A sampling of recent judicial ethics advisory opinions

  • A judge may participate, identified as a judge and wearing a robe, in a state agency video explaining successful truancy measures for juveniles. West Virginia Opinion 2018-19.
  • Judges must assume their attendance at a march, rally, or protest will be scrutinized, publicized, and depicted in reports of the event, including in press coverage or on social media, and consider whether their participation would appear to a reasonable person to undermine their independence, integrity, or impartiality or demean the judicial office, which is an objective standard. Unless an event is directly related to the law, the legal system, or the administration of justice, judges should refrain from publicizing their affiliation with the judicial branch when participating.  The same restrictions apply to judges’ personal staff, courtroom clerks, and court managers.  Arizona Opinion 2018-6.
  • A judicial official may not act as a reference for a support enforcement officer who regularly testifies before him and is applying for a promotion Connecticut Informal Opinion 2018-17.
  • A judge may host a “meet & greet” in her home for the new dean of the Oklahoma City University law school if there will be no fund-raising. Oklahoma Opinion 2018-10.
  • A judge may serve on a committee that interviews applicants to his alma mater and recommend a student for admission as long as his title is not mentioned in the recommendation. Florida Opinion 2018-31.
  • A judicial official may not accept an award at a fund-raising dinner for a non-profit human relations organization that promotes inclusion and acceptance through education, advocacy, and building respectful and just communities. Connecticut Informal Opinion 2018-16.
  • A judge may accept a raffle prize valued at approximately $500 at a charity event hosted by the probation department, which regularly appears in her court. New York Opinion 2018-133.
  • A judge may not participate in an interview with a former juror writing a book about a case over which she presided when related proceedings remain pending or impending. New York Opinion 2018-134.
  • A judge may serve as a manager in a real estate investment limited liability company formed to manage his real estate investments and those of close family members but should avoid that role if other members could easily undertake the duties and may not serve if doing so would require frequent disqualification. North Carolina Formal Opinion 2018-1.
  • A judge may serve as an executor/administrator for a great nephew’s estate when they had a close family relationship and may receive the statutorily mandated compensation. West Virginia Opinion 2018-4.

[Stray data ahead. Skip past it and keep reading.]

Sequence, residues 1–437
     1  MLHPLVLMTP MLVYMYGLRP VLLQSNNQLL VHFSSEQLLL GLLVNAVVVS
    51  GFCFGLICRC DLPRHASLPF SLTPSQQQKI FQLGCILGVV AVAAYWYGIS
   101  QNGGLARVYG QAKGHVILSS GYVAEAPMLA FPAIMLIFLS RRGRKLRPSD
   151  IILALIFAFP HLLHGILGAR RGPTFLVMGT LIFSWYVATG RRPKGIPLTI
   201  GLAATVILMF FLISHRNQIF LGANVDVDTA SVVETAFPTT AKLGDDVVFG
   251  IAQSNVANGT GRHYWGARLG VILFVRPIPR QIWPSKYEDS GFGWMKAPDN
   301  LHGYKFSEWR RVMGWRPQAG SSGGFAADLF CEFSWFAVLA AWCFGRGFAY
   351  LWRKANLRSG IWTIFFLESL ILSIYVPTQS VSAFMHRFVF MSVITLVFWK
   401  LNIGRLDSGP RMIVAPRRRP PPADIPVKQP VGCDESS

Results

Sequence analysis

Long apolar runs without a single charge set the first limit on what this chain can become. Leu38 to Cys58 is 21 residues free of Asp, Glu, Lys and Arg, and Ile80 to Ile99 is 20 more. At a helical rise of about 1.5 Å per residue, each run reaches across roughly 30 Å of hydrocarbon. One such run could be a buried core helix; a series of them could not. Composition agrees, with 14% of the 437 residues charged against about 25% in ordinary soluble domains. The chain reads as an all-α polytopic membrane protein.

• A magistrate may participate in a street/block yard sale in his neighborhood. West Virginia Opinion 2018-8.
  • A circuit court judge’s spouse may be the executive director of an organization that provides domestic violence victim advocacy services, including in proceedings before the circuit court, but they judge should not discuss with her the organization’s policies, activities, or clients or attend the organization’s events and should advise her not to promote or comment on their relationship in a job interview or any aspect of her duties. Wyoming Opinion 2018-2.
  • Judicial candidates must disavow third-party/PAC advertisements that contain statements that are false or misleading; that indicate the candidate would be biased in favor of or against an individual, group, or legal issue; or that do not accurately reflect the duties and role of a judge. West Virginia Opinion 2018-22.

 

A sampling of recent judicial ethics advisory opinions

  • Justice court web-sites may not include extensive information promoting a district attorney’s traffic diversion program but may include a link to the DA’s web-site as a convenience to defendant motorists. New York Opinion 2018-101.
  • A court may create and distribute a list of attorneys on the assigned counsel panel who are willing to represent litigants on a sliding fee scale if the list includes a disclaimer that the court and its staff are not recommending any particular attorney. New York Opinion 2018-114.
  • A magistrate may not hire as constable the son of another magistrate from the same county. South Carolina Opinion 13-2018.
  • A judge whose spouse and the construction company he owns are represented by a large law firm is not disqualified from unrelated cases in which that law firm appears. Florida Opinion 2018-22.
  • A circuit court judge may date a non-lawyer employee of the solicitor’s office whose duties are primarily scheduling and computer management but should disclose the relationship in cases for which the employee is responsible and reassess the relationship if disclosure results in frequent disqualifications.  South Carolina Opinion 14-2018.
  • A judge may research, write, and appear in televised public service announcements that discuss issues surrounding family violence. Florida Opinion 2018-23.
  • A judge may not participate in a school’s truancy intervention court in his courtroom even if he does not wear a robe and is not the only person making determinations. New Mexico Opinion 2018-5.